Oh my goodness, Rachel. This had me laughing. There are some characteristics of your Mrs. Duke which put me quite in mind of one of my husbands aunts, Aunt Mary Plummer. She was a true memorable personality, too. I dare say that she and Mrs. Duke would have been either staunch friends or strong enemies. One might have been perceived as a threat to the other's territory.

Chesapeake said...

Oh, Rachel, I can just see the expressions in that kitchen, and can almost hear your mother's voice!

You have such a talent for writing that I am astounded that no literary agent has been hounding you, begging to represent you to publishers!

Jeanne, backyard neighbor said...

Hello Rachel, Mrs. duke sounds a lot like my mom always having or going to bridge luncheons. She dressed for every occasion Made fruitcake as well as all kinds of baked goods. She did not like bright colors but she did help me decorate my kitchen in pink and cherry red in 1965. We painted my cabinets pink and the floor had checkerboard squares of white and cherry red tiles. She brought wallpaper to finish the look with a design of kitchen utensils in pink and cherry red. My neighbors loved it but it took me a time to get used to "pink" cabinets. HA!. My kitchen was the talk of the neighborhood. I waxed that floor mirror shiny. What fun.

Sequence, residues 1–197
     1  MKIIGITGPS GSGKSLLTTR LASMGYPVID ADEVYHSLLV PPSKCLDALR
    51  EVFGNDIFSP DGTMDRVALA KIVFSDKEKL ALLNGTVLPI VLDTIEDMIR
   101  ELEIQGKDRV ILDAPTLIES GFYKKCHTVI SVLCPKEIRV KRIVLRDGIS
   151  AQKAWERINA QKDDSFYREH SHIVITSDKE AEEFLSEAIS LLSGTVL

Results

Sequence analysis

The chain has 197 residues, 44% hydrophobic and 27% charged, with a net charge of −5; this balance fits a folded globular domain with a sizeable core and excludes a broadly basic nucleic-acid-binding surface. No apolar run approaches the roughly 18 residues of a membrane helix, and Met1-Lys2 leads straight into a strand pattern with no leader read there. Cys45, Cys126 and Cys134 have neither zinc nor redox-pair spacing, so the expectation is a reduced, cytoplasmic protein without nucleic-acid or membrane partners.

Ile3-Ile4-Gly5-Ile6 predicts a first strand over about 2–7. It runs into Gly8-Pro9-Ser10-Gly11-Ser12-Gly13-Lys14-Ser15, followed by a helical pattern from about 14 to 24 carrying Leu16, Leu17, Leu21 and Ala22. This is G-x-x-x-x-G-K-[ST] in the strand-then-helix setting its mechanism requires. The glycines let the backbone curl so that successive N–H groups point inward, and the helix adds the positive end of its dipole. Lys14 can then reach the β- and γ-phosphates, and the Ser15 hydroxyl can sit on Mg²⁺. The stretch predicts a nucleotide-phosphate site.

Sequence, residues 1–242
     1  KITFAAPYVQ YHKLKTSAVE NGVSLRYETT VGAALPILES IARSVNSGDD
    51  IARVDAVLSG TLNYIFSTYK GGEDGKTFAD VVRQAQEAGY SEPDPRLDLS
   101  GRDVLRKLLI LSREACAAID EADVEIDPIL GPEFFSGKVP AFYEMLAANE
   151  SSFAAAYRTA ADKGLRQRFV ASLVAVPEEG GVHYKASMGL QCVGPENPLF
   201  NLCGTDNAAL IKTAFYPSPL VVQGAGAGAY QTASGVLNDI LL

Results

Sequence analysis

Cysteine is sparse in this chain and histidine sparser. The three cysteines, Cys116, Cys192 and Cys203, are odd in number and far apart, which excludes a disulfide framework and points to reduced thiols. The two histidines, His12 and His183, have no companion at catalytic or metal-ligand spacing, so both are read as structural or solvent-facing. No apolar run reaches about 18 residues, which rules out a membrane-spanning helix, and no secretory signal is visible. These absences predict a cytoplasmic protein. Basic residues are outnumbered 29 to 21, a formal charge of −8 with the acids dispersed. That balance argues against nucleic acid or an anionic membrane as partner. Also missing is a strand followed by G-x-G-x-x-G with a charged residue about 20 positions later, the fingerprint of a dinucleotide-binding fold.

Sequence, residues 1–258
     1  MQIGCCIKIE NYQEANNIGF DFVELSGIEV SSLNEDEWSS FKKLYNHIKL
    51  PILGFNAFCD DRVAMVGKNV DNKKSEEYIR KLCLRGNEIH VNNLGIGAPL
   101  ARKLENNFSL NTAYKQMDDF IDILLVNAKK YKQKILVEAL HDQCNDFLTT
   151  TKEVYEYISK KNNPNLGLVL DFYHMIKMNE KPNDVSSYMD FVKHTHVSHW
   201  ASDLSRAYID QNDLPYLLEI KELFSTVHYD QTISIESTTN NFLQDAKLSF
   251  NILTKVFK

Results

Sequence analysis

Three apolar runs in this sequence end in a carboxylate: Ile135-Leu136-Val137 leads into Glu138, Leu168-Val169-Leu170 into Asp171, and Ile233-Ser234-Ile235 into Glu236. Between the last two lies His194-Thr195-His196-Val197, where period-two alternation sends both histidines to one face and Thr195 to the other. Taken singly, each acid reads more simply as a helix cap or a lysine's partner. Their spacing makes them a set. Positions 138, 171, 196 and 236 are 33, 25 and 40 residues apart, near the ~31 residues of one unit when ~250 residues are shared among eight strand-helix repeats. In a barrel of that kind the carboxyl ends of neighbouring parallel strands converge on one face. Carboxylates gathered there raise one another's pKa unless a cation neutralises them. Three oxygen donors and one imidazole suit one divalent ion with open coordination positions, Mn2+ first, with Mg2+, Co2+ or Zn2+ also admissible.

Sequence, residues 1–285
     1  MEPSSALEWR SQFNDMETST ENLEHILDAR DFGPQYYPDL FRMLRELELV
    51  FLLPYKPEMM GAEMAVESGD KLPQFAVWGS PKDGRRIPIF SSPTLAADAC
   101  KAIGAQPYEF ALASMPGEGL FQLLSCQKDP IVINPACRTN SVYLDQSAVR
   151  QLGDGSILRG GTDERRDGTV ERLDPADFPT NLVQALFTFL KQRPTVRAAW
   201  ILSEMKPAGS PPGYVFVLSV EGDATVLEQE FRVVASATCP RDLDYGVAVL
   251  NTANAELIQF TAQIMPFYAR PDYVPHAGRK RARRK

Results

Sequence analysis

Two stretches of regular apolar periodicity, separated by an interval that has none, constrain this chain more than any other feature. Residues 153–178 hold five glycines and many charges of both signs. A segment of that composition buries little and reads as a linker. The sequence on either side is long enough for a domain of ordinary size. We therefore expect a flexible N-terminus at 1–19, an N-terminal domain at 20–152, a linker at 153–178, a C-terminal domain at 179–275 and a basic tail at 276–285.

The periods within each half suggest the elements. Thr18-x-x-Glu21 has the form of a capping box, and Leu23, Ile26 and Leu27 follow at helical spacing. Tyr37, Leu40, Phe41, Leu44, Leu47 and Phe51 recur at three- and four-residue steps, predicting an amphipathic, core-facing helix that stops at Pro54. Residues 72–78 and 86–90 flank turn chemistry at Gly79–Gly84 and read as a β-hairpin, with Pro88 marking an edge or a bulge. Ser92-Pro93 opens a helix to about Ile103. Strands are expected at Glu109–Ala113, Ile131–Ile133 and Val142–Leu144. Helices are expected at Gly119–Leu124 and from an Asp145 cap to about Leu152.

Your story was so amusing and as I always do, I enjoyed every word.

My daughter and granddaughter do favor each other. Our dtr has been told she looks like Hillary Swank "many" times. They are about the same age.

Happy Halloween,
xo, Jeanne

Tonja said...

I loved, loved, loved this story. I remember some little pictures that my Mom had in our kitchen when I was little. I don't remember ever thinking of those before. And, she had an Asian lamp and some figurines, and I often wondered why.
This story was delightful and I am still smiling! Thank you!

Buttons said...

You are a very talented and funny writer.
Oh I almost want to meet your imagined(or Not) characters in person I am sure it would be quite the event. I am laughing visioning this. B

Kim Shook said...

I busted out laughing at this, Rachel! No LOLs, no ladylike titter – just a big snorting bellow! I loved the picture of Mizz Duke – I suspect that if I liked primaries instead of pastels, our kitchens would be identical. I covet that table and chairs and the apron!!! I never see fruitcake without thinking of Truman C.